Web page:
New Minnesota Organization Protects Property Rights, Fights Wind Farms
A group of Minnesota landowners banded together in 2017 to form Wind Locked, LLC, a conservation holding company established to support landowners’ efforts to block wind turbine construction near agricultural and rural lands.
A group of Minnesota landowners banded together in 2017 to form Wind Locked, LLC, a conservation holding company established to support landowners’ efforts to block wind turbine construction near their agricultural and rural lands.
Its members assign their rights to wind development to Wind Locked. The company has grown from just a few landowners less than a year ago to more than 130 members today.
New Problem, New Concept
In early 2017, wind companies were expanding into rural Minnesota, spurred in part by recently constructed power lines opening new areas where turbines could be erected and easily transmit energy across state borders. Residents in Faribault and Martin Counties, worried about potentially negative economic and environmental effects of wind turbine projects, formed Wind Locked to block unwanted wind farms.
Landowners who join Wind Locked sign a legal agreement giving the company control over their wind rights. Wind rights are similar to easements, applying to wind-related uses above a physical property. By pooling its members’ wind rights to ensure unimpeded wind flow over their parcels, Wind Locked prevents new wind projects from being built on or near their land.
‘This Was About Control’
Wind Locked President Carolyn Zierke says the company was formed after local officials ignored landowners’ requests to prevent wind farms from being built too close to their homes.
“The founding members were concerned about intrusive wind projects in our communities,” said Zierke. “We went to a local commissioner requesting the commission change the setback requirement for wind turbines, only to find the commissioner had already made an agreement with wind companies, so we were out of luck. We realized this was about control.”
A 2016 state law made land rights and wind rights over parcels distinct and separable in Minnesota, says Zierke.
“To build turbines, wind energy companies need land and wind rights,” Zierke said. “One farmer suggested that we just hold on to those wind rights.”
Protection for Small Landowners
Landowners and homeowners can become members of Wind Locked, with members owning shares in the company and jointly making decisions for it. Zierke says shares are assigned in a way that prevents large property owners from dominating decision-making.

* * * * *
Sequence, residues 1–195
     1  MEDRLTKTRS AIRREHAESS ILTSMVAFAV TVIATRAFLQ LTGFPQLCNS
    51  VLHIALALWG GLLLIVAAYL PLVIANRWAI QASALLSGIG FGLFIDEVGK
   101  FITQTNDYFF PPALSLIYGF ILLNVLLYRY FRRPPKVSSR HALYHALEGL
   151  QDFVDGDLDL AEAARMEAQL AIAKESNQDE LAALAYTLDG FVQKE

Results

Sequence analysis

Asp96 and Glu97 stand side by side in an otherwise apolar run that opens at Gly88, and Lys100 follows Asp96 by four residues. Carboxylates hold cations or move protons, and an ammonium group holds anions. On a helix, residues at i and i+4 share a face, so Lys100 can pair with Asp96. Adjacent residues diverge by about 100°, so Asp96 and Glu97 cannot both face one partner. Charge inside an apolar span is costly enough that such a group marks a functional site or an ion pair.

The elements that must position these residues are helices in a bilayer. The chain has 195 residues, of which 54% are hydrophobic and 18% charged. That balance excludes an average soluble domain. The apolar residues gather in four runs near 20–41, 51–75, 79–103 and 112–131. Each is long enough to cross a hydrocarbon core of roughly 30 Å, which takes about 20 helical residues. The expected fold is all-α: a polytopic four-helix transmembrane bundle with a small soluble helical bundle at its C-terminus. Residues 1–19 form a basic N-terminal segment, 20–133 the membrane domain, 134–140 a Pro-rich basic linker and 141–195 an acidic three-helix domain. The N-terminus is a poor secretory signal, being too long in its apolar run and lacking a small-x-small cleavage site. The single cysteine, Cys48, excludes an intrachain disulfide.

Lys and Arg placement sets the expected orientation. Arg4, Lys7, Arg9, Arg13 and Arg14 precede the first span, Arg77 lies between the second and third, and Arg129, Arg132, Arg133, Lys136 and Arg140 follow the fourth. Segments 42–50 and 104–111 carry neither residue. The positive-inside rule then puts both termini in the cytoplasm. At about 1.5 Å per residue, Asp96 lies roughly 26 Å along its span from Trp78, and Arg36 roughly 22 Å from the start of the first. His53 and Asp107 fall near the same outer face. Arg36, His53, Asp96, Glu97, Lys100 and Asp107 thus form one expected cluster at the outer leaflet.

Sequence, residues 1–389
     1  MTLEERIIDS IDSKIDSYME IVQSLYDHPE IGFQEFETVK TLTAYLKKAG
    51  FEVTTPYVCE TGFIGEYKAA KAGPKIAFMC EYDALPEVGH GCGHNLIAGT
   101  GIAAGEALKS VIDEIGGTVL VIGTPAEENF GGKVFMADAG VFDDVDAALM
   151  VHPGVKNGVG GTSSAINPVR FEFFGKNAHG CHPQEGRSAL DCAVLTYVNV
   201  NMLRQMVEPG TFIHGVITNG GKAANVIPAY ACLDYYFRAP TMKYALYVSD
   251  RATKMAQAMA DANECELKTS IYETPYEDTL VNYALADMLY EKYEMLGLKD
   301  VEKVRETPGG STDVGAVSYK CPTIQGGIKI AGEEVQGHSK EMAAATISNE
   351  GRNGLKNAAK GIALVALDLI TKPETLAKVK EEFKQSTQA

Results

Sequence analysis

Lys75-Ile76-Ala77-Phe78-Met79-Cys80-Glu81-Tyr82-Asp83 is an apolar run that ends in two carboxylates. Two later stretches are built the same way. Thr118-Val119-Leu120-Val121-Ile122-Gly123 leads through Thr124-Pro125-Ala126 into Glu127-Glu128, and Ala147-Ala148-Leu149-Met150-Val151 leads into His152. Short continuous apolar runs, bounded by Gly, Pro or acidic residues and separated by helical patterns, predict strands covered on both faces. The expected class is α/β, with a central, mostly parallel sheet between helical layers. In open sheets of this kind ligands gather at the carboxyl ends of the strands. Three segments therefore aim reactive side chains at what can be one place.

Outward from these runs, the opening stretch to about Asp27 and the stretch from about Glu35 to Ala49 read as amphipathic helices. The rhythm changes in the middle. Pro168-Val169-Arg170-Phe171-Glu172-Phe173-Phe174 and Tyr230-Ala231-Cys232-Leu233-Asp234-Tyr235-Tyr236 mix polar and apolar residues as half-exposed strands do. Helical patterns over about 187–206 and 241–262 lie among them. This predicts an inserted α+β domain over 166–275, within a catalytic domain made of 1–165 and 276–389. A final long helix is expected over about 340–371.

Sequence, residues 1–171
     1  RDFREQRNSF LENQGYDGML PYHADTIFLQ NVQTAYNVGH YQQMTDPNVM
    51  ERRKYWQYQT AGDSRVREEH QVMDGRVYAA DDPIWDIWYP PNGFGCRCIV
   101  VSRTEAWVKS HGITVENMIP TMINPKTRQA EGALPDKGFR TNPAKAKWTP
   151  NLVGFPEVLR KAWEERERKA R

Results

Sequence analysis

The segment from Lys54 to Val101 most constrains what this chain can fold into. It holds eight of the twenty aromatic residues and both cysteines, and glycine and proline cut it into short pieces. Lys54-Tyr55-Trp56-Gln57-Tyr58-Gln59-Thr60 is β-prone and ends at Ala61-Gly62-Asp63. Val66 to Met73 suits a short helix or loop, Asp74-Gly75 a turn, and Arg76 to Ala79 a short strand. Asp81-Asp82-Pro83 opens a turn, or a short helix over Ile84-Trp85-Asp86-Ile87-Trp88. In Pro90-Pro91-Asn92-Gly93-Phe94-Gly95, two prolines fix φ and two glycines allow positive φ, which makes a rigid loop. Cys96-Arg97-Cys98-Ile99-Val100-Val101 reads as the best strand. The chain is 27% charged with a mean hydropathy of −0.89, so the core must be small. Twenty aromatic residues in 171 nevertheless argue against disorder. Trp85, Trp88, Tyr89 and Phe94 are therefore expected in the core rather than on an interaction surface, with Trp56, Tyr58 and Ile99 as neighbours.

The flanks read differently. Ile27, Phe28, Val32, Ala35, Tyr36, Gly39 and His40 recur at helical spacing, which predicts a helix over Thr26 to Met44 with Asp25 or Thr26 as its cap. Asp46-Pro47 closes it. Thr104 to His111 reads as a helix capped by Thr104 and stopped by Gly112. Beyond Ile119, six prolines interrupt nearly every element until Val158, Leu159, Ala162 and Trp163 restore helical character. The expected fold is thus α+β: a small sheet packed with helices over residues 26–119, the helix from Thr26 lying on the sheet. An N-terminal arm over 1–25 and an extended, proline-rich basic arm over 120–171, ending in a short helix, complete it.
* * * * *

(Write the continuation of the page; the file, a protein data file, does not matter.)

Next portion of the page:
“Homeowners and landowners both have one voting share apiece, ‘A shares,’ while landowners retain a number of ‘B shares’ proportional to their acreage,” said Zierke. “This arrangement is meant to prevent large landowners, or multiple owners of one tract, from dominating decision-making, while preserving the possibility of wind rights sales if members agree to do so.
“Large voting majorities are needed to allow landowners to sell their wind rights once they’re members,” Zierke said.
Undertaking Conservation Efforts
Though the organization’s sole original intention was to protect property rights from powerful wind interests, Zierke says Wind Locked is taking its conservation mission seriously, for instance by collaborating with scientists to locate eagles’ nests.
“We’ve sought grant funding from the American Eagle Foundation to compile a list of the GPS locations of known eagle nesting places,” said Zierke. “Such information is valuable to wildlife enthusiasts and scientists alike.
“Although eagles are no longer an endangered species, wind turbine projects can threaten their existence,” Zierke said.
‘Never Been Done Before’
Zierke says Wind Locked’s approach to protecting property from wind development is unique.
“We have researched our model.” said Zierke. “To our knowledge, it has never been done before.”
John Droz, director of the Alliance for Wise Energy Decisions, agrees Wind Locked is a novel organization.
“I think their approach has some merit,” said Droz. “I don’t know of any other group doing this, exactly.
“Some states have subsidy programs used to purchase easements to prevent wind turbine construction near military bases; however, those programs are driven by military interests and are somewhat different, although they have the same goal,” Droz said. “Wind Locked was instead created by rural residents and landowners and does not utilize any subsidies, making the company distinct.”
Droz says he thinks any organization educating rural landowners about the pros and cons of wind energy is worthy of support.
“I think it’s a good idea,” said Droz. “The more information and options farmers have, the better off they are.”
Matt Kelly (Matthew.Kelly1@utdallas.edu) writes from Dallas, Texas.